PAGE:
Defending Your Life (1991)

Yuppie Daniel Miller's (Albert Brooks) office birthday speech ("This is a great present, and I wish I could squeeze you all into one pretty woman. And if you'd like to go to my office, I'll try"); also his screaming death as he crashes his new Mercedes into a charter bus; and his retort when asked by an unfunny comedian (Roger Behr): "How did you die?" - "On stage, like you!"; the scene in post-death way-station Judgment City in which holographic Shirley MacLaine (Herself) hosts The Past Lives Pavilion (with an off-screen woman exclaiming, "Oh my God!") -- and Daniel - looking in a mirror - finds out that he was once a tribal native who became "dinner" for a lion



Diner (1982)

Most of the scenes at the 1959 Fells Point diner between a group of six high-school graduate friends; the scene of a pre-nuptial 140 question trivia test (65 is passing) about the Baltimore Colts pro football team required by virginal momma's boy Eddie (Steve Guttenberg) for his off-screen fiancee Elyse just before the wedding - friends and family members gather around the basement to keep score where he grills her; and the scene of the debate on the merits of playing either Johnny Mathis or Frank Sinatra while making out; also the scene of Fenwick's (Kevin Bacon) drunk destruction of the city's Nativity scene, and hustling, indebted Boogie's (Mickey Rourke) macho movie-theatre wager with his friends that he can entice a girl on a first date to a certain level of intimacy - executed with the creative use of a popcorn box with blonde date Carol Heathrow (Colette Blonigan) in a movie theatre; and Shrevie's (Daniel Stern) obsessed insistence that his 45 rpm records be filed alphabetically according to year and genre category; also the argument scene in the diner over Eddie's roast-beef sandwich


Dinner at Eight (1933)

The famous closing scene when vulgar Kitty (Jean Harlow) makes conversation with aging actress Carlotta (Marie Dressler) on their way into dinner: Kitty: "I was reading a book the other day." Carlotta (staggering at the thought): "Reading a book!" Kitty: "Yes. It's all about civilization or something, a nutty kind of a book. Do you know that the guy said that machinery is going to take the place of every profession?" Carlotta (eyeing Kitty's costume and shapely physical charms): "Oh, my dear, that's something you need never worry about"

Dirty Rotten Scoundrels (1988)

As two con-man battling for $50,000 (or sex) from sweet American soap opera actress and heiress Janet Colgate (Glenne Headley) on the French Rivera against suave pseudo-aristocrat Briton Lawrence Jamieson (Michael Caine), the loud and obnoxious American Freddy Benson (Steve Martin) is relegated, after drawing the short straw, to the role of impersonating Caine's younger idiot and spastic brother - "monkey boy" Prince Ruprecht, a la Jerry Lewis, to scare off marriage-minded heiresses (he eats with a cork on the end of his fork to prevent him from hurting himself; he also asks: "Excuse me, may I go to the bathroom first?" and appears to pee under the table into his pants); in another scene, he lubricates a yellow latex glove on his left hand after being asked the question: "What did we do when Uncle Ted was here?" and then hugs too tightly one of the prospects until Lawrence threatens: "Ruprecht, do you want the genital cuff?"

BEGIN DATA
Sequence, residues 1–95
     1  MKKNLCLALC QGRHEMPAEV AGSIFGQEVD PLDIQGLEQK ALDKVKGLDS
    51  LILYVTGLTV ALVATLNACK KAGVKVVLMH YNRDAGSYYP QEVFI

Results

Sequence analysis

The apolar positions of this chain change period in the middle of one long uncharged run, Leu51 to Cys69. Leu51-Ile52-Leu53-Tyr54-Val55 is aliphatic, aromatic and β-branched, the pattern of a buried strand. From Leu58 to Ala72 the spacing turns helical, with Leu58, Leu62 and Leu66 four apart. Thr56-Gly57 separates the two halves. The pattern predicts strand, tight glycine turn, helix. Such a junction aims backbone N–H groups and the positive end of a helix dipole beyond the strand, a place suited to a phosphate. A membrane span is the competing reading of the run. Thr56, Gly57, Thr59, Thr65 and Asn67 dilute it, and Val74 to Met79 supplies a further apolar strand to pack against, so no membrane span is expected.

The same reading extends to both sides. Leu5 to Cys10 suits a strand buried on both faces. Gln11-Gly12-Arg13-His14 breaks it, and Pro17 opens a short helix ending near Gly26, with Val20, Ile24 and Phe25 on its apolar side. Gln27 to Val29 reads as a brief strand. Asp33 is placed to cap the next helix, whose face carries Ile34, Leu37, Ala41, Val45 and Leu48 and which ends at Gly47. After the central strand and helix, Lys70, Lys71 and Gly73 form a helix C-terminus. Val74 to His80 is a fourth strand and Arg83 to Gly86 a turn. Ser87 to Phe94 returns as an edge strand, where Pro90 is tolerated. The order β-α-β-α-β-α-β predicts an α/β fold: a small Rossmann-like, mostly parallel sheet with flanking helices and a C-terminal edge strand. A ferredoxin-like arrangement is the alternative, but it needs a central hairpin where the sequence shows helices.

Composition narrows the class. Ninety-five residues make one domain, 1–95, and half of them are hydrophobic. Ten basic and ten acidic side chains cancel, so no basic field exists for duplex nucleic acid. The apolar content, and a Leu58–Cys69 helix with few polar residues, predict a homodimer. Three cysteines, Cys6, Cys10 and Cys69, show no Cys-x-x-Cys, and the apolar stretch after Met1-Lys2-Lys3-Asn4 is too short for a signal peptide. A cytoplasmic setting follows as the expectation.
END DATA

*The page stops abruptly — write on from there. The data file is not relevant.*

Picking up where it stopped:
Divorce, American Style (1967)

The clever opening scene (a surreal montage) in which a god-like lawyer with an attache case walks to a hillside in Los Angeles, clothes himself in his judicial robe, and starts conducting the cacophony of vituperative arguments among bitterly-married couples in the upper-middle-class suburbanite houses below; and the classic scene in which the angry married couple Richard and Barbara Harmon (Dick Van Dyke and Debbie Reynolds) after a shouting match go into their bedroom and proceed through their synchronized nightly routine including opening and closing closet doors - without saying a word; and the scene in which the extended families and parents of divorce in six carloads try to sort out the various two dozen children - with commentary: ("That's Susie. She's Fred's second daughter by his first marriage. And that's her stepfather, Ed, whose Rosie was Jim's first wife. She had two kids by her first marriage, and...") - and one little girl overlooked and left behind by the scene's end

 

Greatest Funniest Movie Moments and Scenes
(alphabetical order, by film title)
Introduction | Part 1 | Part 2 | Part 3 | Part 4 | Part 5 | Part 6 | Part 7 | Part 8 | Part 9 | Part 10
Part 11 | Part 12 | Part 13 | Part 14 | Part 15 | Part 16 | Part 17 | Part 18 | Part 19 | Part 20